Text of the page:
Nelson Mandela met Nomzamo Winifred Zanyiwe Madikizela (Winnie Mandela) in 1957, through a mutual friend.
A social worker by training, Winnie married Nelson in 1958, three months after he divorced his first wife, Evelyn Mase.
As he had just been sanctioned for African National Congress (ANC) activism at the time, Nelson had to ask the apartheid government for a six-day reprieve of a banning order to attend his own wedding.
Five years after they were married, Nelson was arrested, sentenced to life imprisonment and sent to Robben Island.
Winnie vowed to continue working to end apartheid. She became secretly involved with the ANC, taking over the megaphone of activism and becoming a force for keeping the ANC’s defiance campaign alive during Nelson’s incarceration.
Her criticism of the regime cemented her title as “Mother of the Nation.”
Like Nelson, Winnie too experienced solitary confinement, between 12 May 1969 and 14 September 1970. She also faced government monitoring, banning orders, detentions, political trials, house arrest, and banishment to a rural town.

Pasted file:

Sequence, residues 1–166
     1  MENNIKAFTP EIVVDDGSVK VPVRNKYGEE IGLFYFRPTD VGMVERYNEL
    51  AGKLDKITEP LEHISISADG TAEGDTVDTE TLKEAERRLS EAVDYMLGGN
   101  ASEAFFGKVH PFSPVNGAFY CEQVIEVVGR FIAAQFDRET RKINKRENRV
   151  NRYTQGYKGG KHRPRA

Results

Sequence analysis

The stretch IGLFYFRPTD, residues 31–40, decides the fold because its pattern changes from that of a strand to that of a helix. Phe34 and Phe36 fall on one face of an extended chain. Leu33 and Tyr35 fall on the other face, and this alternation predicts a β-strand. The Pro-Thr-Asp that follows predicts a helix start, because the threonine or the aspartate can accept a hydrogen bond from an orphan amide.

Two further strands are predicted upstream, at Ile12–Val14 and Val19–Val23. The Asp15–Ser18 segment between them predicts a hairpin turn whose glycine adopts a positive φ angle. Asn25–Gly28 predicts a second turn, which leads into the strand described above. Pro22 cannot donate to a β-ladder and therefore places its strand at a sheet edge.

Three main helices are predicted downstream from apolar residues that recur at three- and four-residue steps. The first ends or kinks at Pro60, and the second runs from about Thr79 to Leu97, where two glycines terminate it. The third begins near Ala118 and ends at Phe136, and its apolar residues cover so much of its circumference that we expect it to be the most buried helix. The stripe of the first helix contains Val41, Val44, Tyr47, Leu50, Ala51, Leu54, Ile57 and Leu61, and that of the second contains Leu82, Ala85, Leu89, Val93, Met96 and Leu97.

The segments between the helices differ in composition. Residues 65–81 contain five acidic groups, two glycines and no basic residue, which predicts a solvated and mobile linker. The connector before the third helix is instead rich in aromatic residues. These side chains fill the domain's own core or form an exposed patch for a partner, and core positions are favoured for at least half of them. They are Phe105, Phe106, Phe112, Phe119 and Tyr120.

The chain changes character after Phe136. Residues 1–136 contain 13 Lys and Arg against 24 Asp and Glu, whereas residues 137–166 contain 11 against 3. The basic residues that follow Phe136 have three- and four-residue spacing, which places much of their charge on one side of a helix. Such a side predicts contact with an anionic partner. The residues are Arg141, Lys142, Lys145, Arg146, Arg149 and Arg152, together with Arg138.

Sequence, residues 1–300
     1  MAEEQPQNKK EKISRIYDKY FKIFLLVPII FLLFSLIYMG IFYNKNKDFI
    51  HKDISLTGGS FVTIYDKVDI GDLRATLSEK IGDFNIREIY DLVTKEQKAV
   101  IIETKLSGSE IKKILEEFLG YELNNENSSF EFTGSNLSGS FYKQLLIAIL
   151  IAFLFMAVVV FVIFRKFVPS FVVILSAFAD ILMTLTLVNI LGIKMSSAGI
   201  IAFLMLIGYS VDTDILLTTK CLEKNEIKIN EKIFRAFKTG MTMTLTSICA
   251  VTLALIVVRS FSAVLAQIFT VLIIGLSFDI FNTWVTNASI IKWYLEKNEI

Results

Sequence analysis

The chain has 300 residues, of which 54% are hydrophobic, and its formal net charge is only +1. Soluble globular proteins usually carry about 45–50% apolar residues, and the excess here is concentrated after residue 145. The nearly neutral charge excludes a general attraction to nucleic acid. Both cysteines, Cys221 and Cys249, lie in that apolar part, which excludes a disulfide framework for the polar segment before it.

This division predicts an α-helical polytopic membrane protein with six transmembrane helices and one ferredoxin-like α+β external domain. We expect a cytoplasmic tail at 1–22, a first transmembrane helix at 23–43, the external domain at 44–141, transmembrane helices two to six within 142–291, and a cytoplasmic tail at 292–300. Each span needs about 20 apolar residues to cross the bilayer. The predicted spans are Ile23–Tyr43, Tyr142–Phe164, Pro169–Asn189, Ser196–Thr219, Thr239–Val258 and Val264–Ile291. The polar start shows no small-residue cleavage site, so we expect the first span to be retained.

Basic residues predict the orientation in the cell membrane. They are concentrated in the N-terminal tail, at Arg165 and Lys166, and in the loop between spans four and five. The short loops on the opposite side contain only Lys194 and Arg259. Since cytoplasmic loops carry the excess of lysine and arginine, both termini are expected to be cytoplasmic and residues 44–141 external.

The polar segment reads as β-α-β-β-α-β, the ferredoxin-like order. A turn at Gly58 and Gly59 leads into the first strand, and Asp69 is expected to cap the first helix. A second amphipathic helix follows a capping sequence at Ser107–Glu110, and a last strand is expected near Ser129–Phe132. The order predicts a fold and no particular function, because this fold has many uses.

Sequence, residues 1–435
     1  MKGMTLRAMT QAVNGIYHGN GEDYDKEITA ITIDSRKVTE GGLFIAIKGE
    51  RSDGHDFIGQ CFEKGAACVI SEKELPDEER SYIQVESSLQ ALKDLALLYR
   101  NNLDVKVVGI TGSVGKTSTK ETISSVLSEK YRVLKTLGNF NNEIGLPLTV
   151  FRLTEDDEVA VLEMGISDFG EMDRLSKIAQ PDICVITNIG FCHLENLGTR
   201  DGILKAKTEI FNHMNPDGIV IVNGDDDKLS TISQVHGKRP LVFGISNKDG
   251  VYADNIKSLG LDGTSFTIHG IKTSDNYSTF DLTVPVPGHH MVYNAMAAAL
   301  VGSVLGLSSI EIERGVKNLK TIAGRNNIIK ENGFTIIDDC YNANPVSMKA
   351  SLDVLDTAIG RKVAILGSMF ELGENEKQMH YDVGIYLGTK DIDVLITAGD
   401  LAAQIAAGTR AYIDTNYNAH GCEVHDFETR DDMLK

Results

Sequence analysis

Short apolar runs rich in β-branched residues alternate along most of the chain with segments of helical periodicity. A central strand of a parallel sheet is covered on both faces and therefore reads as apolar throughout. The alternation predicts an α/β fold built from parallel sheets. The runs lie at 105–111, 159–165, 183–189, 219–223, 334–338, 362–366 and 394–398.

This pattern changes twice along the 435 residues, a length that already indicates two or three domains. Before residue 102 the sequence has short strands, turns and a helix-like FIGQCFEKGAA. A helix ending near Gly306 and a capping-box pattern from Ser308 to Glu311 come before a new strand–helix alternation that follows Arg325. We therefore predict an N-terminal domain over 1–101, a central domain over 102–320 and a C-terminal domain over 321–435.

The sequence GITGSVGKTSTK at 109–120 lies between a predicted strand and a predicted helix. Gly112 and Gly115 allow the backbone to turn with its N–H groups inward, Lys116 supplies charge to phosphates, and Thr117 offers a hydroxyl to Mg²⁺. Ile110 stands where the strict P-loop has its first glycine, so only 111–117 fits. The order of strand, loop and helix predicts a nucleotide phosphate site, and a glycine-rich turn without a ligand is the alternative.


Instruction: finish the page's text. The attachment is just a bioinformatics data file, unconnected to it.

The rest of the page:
From Nelson’s prison letters, he deeply regretted that he was not there to protect, assist and comfort Winnie, during his imprisonment.
The couple famously walked hand-in-hand as Nelson walked free from prison, in 1990, after twenty-seven years.
After Nelson became South Africa’s first black president, Winnie was named deputy minister of arts, culture, science, and technology.
However, twenty-seven years of separation and social turmoil had irrevocably damaged the Mandela marriage, and they separated in 1992.
They divorced in 1996, but Winnie kept Nelson’s surname and maintained ties with him.
Winnie always attended Nelson’s birthday on July 18, even after they had divorced, at his Qunu homestead or his Houghton residence.
Nelson and Winnie were the greatest symbols of the anti-apartheid struggle for nearly thirty years.
They had two daughters, Zenani (born 1958) and Zindziwa (born 1960).